Tesla Model 3 vs. Model Y: True Cost to Lease One

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If you are the non-committal type, auto leasing might be for you. By leasing a vehicle, you receive all the perks that a car of your choice has to offer without having to invest tens of thousands of dollars. You’re only on the hook for approximately 36 months, depending on the contract, and afterward, you can upgrade to a newer model.

One of the most in-demand brands is electric vehicle (EV) maker Tesla (Nasdaq: TSLA). Last year, Tesla delivered 1.81 million EVs, 1.74 million of which were Model 3 and Model Y cars (the balance fell into the “other” grouping).  However, given the general price range of $30,000-$40,000, consumers might experience sticker shock, especially in light of the current economic headwinds including lofty interest rates and high inflation.

If Tesla is the EV of your dreams, you might want to consider leasing one, which comes with many of the same benefits as owning one with a lower investment. Both the Tesla Model 3 and Model Y are available for leasing in most U.S. states.  Considering that Tesla deals directly with customers and has no third-party franchises, the company advises customers to select the “leasing” option when choosing a payment method. Upon approval, Tesla becomes your financier once you accept their offer.

There are mixed results on whether or not lessees receive the lucrative $7,500 tax credit when leasing a Tesla. The bottom line appears to be that the lease does include the $7,500 EV lease incentive, but it’s “distributed across the lease term.”

Whichever version you choose, Model 3 or Model Y, it’s important to go in with your eyes wide open, knowing the true cost of leasing a Tesla so there are no surprises down the road. Below is a breakdown of what you can expect when leasing either model, though the specific terms may vary from month to month and depending on the lessee’s credit profile.

Tesla Model 3 Deal

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  • Model: 2024 Tesla Model 3 RWD
  • Monthly Payment: $299
  • Term: 36 months
  • Down Payment: $2,999
  • EPA Estimated Range: 341 miles

You can lease a 2024 Tesla Model 3 RWD for as low as $299 per month and by plunking down $2,999 at signing. Reports suggest you might be able to lease a Tesla Model 3 Highland for a monthly payment of $329. However, you can take these deals with a grain of salt. After applying, other customers have been presented with different details, including higher monthly payments and due-at-signing amounts that left them scratching their heads.

Be prepared to pay what other lessees have described as a $250 non-refundable booking fee, not to mention taxes on the lease as well as the cost of the tags. You should also factor in your insurance costs, even though this is not limited to leasing. Insurance payments on a Tesla tend to be higher than usual. Insurance coverage on a Tesla Model 3 could run you over $3,200 per year, or $267 each month, as of 2022. You’ll be paying a 60% premium to ensure a Tesla Model 3 compared with the average vehicle, according to MarketWatch data.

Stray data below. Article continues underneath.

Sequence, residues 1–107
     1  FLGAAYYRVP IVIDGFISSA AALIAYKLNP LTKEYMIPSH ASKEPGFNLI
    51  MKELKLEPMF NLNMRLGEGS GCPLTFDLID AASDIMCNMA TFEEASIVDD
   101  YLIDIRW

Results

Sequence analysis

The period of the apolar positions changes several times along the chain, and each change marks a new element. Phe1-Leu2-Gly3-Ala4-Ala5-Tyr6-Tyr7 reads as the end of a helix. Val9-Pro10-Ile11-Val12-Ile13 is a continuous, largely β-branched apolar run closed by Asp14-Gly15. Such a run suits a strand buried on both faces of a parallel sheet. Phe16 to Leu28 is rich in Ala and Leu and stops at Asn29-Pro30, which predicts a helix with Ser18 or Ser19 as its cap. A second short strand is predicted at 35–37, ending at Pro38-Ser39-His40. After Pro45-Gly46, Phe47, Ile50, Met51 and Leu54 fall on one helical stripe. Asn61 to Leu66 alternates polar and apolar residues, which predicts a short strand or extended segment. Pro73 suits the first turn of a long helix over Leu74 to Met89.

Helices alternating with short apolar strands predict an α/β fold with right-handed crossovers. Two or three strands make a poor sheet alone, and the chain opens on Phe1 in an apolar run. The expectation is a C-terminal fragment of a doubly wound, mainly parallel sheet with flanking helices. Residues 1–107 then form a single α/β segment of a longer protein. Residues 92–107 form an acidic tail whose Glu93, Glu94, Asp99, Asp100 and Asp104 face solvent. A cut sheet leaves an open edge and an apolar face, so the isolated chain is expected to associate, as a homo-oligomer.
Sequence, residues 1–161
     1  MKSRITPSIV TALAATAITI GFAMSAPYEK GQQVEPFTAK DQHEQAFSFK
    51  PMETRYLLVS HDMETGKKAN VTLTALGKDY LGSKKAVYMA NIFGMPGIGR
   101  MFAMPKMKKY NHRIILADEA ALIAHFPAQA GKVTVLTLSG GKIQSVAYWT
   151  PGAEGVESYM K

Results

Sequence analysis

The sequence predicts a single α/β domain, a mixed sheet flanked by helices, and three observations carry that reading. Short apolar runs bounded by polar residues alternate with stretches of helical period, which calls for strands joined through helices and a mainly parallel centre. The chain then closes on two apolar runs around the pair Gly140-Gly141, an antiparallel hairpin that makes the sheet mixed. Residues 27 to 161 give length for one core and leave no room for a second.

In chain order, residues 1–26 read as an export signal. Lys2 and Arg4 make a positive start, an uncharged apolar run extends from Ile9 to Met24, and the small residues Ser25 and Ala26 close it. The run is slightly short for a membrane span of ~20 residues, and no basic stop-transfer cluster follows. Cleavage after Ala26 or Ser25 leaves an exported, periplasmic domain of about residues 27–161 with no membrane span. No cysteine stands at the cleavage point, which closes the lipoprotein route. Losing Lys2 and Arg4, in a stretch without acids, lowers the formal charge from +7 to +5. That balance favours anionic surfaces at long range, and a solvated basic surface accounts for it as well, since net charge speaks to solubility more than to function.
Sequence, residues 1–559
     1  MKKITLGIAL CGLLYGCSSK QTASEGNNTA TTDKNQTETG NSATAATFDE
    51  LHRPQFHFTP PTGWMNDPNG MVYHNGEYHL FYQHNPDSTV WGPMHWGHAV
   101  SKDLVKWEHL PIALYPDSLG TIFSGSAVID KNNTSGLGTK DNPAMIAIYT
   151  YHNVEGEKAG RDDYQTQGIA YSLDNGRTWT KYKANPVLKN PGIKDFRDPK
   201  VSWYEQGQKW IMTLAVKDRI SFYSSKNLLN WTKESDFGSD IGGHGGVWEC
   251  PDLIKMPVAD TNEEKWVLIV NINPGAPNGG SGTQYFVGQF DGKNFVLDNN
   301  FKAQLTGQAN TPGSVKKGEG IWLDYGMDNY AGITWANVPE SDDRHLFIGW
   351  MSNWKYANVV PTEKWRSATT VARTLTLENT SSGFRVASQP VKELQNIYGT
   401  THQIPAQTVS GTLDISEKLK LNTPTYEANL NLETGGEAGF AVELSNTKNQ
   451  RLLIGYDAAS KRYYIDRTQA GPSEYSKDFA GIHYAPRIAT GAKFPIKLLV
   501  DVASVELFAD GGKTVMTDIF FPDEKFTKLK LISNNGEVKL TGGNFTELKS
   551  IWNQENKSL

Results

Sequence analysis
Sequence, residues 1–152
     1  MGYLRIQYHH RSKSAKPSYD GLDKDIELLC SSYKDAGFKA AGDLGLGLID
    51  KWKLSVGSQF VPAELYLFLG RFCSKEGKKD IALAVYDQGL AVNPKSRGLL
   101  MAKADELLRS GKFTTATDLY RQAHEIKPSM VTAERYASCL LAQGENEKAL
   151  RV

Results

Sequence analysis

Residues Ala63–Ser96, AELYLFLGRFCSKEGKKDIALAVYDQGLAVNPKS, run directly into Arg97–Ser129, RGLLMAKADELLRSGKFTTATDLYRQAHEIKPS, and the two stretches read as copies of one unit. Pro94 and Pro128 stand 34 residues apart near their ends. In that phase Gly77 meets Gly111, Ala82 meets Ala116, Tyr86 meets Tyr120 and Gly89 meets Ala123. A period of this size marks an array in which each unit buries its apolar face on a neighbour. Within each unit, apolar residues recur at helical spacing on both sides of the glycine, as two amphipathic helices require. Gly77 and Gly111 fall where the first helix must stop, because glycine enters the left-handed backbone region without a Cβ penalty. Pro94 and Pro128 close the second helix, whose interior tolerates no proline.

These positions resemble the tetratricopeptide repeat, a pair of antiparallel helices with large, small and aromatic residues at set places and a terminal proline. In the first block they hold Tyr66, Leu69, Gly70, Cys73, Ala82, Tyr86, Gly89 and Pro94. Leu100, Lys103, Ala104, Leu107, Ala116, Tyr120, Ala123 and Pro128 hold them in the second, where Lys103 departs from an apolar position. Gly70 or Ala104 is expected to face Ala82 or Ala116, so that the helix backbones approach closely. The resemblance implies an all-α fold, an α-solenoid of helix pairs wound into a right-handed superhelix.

Another factor to consider before leasing a Tesla Model 3 is that the company doesn’t tend to allow buyouts once the term is over. So if you were hoping to profit from selling the vehicle later, you’ll want to think again. Tesla will allow you to terminate your lease early, but the company admits this is a costly option.

Tesla Model Y Deal

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  • Model: Tesla Model Y  Long-Range RWD 2024
  • Monthly Payment:  $399
  • Term:  36 months
  • Down Payment:  $2,999
  • EPA Estimated Range: 320 miles

If the Tesla Model Y is more your style,we found a deal in which you can lease one for a $399 monthly payment and $2,999 down for a three-year term. On top of that, you’ll be expected to pay any taxes and layers of fees. Also, watch out for any cost savings Tesla might advertise, like gas savings, which could make the vehicle look less price than it actually is. While it’s true you won’t have to fill up at the pump with a Tesla Model Y, that does not affect the size of the monthly payment.

Keep in mind that similar to the Model 3, Tesla’s Model Y is not eligible for purchase at the end of the lease term, a policy the company has held since 2017. If that is a deal breaker, you might want to consider buying your Tesla outright or leasing a different vehicle altogether, as most other EV makers including Ford (NYSE: F) permit buyouts.

Car insurance for a Tesla Model Y is also higher than average. Insuring a Tesla Model Y will set you back approximately $2,800 annually for one year, which works out to approximately $234 per month, as of 2022.

EV innovation is happening at a brisk pace. Whichever Tesla model you choose to lease will likely look a lot different once the term is up.

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